He finished fifth at the BMW Championship and wound up seventh while sharing a final-round pairing with Tiger Woods last weekend at the Tour Championship.

    Why He’s Here: If Europe’s got a Tiger on its roster, it’s McIlroy, who’s won four majors in the decade that’s elapsed since Woods picked up his 14th. He’s got 22 victories, 24 runner-ups and 17 more third-place efforts in 281 career tournaments.

    Ryder Cup History: McIlroy is captain Thomas Bjorn’s unquestioned superstar and will make his fifth consecutive appearance as a member of the European team. He’s compiled a respectable 9-6-4 overall record in the four previous outings, including 2-1-1 in singles matches and four wins in foursomes.

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    Sam Greenwood/Getty Images

    OWGR: 5

    Best of 2018: Francesco Molinari was arguably as good as anyone in the world this year and almost certainly the best non-American player, as evidenced by his triumph at the British Open in which he rallied to snatch the final-round lead from Tiger Woods. He’s the first Italian player to win a major, and he made a run at two straight before winding up tied for sixth at the PGA Championship.

    Why He’s Here: Molinari had picked up solo wins in four different years before 2018, in which he won three times and finished atop the European points list. He’ll arrive in France as the fifth-ranked player in the world and forms a formidable trio with Justin Rose and Rory McIlroy.

    Ryder Cup History: It’s a return trip to the European team after a six-year hiatus for the Italian, who’s never been on a losing team. It’s not translated to great individual success, though, as he’s still looking for his first victory after going 0-1-1 in four-balls, 0-1 in foursomes and 0-1-1 in singles play.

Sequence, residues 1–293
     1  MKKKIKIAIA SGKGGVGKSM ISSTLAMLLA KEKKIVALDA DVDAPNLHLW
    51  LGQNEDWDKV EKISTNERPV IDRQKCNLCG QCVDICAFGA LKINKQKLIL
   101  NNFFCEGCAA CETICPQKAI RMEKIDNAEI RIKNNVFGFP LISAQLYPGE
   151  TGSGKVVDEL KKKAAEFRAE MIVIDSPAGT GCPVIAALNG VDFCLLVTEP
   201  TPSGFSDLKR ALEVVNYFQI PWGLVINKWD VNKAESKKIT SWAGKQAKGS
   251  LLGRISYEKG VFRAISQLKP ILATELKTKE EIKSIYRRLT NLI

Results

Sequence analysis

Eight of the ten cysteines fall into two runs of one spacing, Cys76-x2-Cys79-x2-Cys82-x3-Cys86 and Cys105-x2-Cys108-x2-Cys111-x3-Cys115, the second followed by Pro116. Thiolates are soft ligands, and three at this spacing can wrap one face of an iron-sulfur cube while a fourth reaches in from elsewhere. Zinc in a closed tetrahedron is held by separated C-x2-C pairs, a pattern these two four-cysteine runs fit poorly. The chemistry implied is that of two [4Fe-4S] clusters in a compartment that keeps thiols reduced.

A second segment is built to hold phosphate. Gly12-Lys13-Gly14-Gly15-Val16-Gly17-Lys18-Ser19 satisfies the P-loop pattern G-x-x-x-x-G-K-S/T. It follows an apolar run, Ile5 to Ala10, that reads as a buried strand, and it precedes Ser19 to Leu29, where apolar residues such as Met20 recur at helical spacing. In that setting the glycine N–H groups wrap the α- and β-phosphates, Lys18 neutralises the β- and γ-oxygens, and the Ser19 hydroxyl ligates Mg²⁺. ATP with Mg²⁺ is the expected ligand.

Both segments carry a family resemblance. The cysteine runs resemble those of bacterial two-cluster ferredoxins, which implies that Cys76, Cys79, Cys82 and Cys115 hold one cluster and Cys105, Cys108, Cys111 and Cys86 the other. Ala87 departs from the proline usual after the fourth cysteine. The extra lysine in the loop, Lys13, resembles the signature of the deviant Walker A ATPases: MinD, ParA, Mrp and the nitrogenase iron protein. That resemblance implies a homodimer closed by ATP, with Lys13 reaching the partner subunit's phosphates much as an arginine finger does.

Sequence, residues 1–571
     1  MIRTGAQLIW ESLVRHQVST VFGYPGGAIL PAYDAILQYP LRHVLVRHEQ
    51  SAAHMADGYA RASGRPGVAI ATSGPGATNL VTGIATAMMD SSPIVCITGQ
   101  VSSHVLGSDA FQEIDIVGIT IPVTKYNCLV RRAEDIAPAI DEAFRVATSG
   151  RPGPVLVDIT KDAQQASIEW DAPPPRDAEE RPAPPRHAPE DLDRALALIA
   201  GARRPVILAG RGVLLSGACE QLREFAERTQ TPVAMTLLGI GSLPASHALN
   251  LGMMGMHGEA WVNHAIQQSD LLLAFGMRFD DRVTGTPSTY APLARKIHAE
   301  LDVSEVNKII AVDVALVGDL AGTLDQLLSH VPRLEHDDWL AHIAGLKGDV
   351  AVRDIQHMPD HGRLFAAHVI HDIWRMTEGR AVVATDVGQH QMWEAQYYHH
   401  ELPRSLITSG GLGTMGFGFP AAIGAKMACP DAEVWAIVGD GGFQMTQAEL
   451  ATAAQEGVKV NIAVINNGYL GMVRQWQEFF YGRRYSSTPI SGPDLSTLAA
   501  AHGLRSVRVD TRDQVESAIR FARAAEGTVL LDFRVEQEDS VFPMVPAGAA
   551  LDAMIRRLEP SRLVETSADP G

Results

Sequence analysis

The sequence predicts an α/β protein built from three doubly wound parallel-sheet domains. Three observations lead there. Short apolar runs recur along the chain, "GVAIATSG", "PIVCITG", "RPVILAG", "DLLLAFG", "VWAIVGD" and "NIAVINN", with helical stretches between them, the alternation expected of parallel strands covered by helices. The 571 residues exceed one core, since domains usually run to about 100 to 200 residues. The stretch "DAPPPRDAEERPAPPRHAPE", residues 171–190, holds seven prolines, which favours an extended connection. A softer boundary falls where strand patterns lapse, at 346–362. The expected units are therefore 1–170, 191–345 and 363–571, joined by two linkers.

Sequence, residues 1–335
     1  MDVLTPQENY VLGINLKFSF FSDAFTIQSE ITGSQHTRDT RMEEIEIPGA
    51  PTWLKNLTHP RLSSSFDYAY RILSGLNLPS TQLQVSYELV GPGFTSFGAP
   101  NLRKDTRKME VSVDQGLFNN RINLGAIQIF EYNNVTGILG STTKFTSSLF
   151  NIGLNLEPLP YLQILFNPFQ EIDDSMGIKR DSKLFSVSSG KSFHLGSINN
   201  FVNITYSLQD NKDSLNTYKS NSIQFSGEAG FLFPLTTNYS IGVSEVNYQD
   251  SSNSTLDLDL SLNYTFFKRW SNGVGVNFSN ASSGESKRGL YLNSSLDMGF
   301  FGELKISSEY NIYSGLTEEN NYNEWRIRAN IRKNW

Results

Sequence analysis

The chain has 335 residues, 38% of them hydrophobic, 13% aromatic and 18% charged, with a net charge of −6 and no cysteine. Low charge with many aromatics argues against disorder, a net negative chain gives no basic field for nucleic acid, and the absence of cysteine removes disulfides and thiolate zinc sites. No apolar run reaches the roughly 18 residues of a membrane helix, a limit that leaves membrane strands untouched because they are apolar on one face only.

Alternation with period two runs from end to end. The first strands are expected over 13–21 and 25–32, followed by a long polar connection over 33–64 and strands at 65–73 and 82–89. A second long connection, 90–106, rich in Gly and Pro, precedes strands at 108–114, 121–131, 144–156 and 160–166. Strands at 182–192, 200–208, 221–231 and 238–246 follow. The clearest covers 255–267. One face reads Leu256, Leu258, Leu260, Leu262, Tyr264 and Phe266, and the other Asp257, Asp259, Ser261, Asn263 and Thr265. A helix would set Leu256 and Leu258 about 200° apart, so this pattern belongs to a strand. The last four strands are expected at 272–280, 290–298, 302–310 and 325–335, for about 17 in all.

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    Kevin C. Cox/Getty Images

    OWGR: 4

    Best of 2018: Kentucky native Justin Thomas won three times, finished second once and was in the top 10 six other times in 2018, including a sixth as the defending champion at the PGA Championship.

    Why He’s Here: Those who’d never heard of Thomas at the start of January 2017 certainly knew his name by the end of December, thanks to four victories in the calendar year—highlighted by the PGA Championship and a win in the FedEx Cup playoffs. He closed that year ranked third in the world after starting it at No. 22, and chances are it’ll be a while before he’s in the 20s again.

    Ryder Cup History: None.

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    Sam Greenwood/Getty Images

    OWGR: 3

    Best of 2018: Not everyone can say he won a U.S. Open, let alone repeated as its champion. And it’s a similarly slim collection of players who’ve bagged two majors in a single season.